The actress was involved with the development of the project for several years before production began in October 2014 and as the movie evolved, so did the her views on going public with her sexuality.
"What's interesting to me is how long it took to make the movie -- for it to finally come together -- and how my internal progression toward coming out was naturally in line with it," she told Out. "Stacie and Laurel's story is incredibly inspiring. It made me go, 'Dude, just tell people you're gay. Just get over yourself, honestly, and support those who are not as privileged. It’s like, You have f**king privilege, so do something with it.'"
Page came out publicly at the Human Rights Campaign's THRIVE conference in February 2014, then jumped headfirst into the role of Stacie Andree, domestic partner of New Jersey police officer Laurel Hester, played by Julianne Moore. The film follows Hester's fight against the Ocean County, New Jersey, Board of Chosen Freeholders to have her pension benefits transferred to Andree when she is diagnosed with terminal cancer.
"For me, lots of stuff surfaced [playing Stacie]. Recreating a sort of closeted relationship in a film caused some stuff to surface, for sure," Page told Out. "And then there's [the matter] of speaking up or potentially owning an identity that I think does require a responsibility of trying to help move things forward."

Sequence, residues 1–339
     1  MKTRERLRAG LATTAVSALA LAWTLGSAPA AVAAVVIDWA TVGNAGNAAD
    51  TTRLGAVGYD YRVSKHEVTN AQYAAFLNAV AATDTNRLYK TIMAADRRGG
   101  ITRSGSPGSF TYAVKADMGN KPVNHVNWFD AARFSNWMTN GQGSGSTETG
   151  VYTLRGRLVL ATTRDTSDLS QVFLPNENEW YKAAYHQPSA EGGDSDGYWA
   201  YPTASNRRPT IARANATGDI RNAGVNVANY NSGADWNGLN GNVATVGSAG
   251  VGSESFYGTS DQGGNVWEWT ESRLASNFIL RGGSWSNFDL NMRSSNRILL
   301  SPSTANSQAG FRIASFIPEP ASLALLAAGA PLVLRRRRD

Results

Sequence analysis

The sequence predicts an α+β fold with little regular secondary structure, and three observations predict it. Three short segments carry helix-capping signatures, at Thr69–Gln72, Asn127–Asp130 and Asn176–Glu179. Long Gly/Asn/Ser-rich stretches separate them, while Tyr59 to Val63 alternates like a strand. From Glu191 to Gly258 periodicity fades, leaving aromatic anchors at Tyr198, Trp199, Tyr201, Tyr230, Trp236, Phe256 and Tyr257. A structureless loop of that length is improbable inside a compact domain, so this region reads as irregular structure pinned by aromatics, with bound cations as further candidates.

"For Stacie, it was more complicated, because her being fully involved in that activism meant accepting that the love of her life was going to die," she added. "But when she finally managed, in some way, to accept that idea, I think she could fully give herself to the activist part of it all."
Moore also opened up in the magazine about how her co-star’s struggle with coming out helped her embrace her role in the film.
"Ellen had so recently come out, and this is going to sound silly, and hopefully not hurtful, but I don’t think I was aware of how painful it is to be closeted," Moore admitted. "I have the advantage of being a person who’s never had to hide my sexuality, so I asked her a lot of questions—frank questions—about what that feels like. She said she felt discomfort simply wearing all these dresses, and it was all very eye-opening for me. She was so unprotective [of herself] – I was very touched by that. It definitely made me more sensitive to the nuances of our movie."
Page recently spoke frankly about straight actors playing LGBT characters in film or on television, telling Time, "When people are [called] brave in regards to playing LGBTQ people, that’s borderline offensive. I’m never going to be considered brave for playing a straight person, and nor should I be."
The actress went on to explain that she felt a "deep sense of peace" on the Freeheld set. "There was something about being out, getting to play a gay character, and getting to play a woman who is so inspiring to me—it was such an amazing experience for me," she says. "Honestly, if I played gay characters for the rest of my career, I’d be thrilled. I wish I could, honestly!"
Out Magazine's October issue hit newsstands on Sept. 15.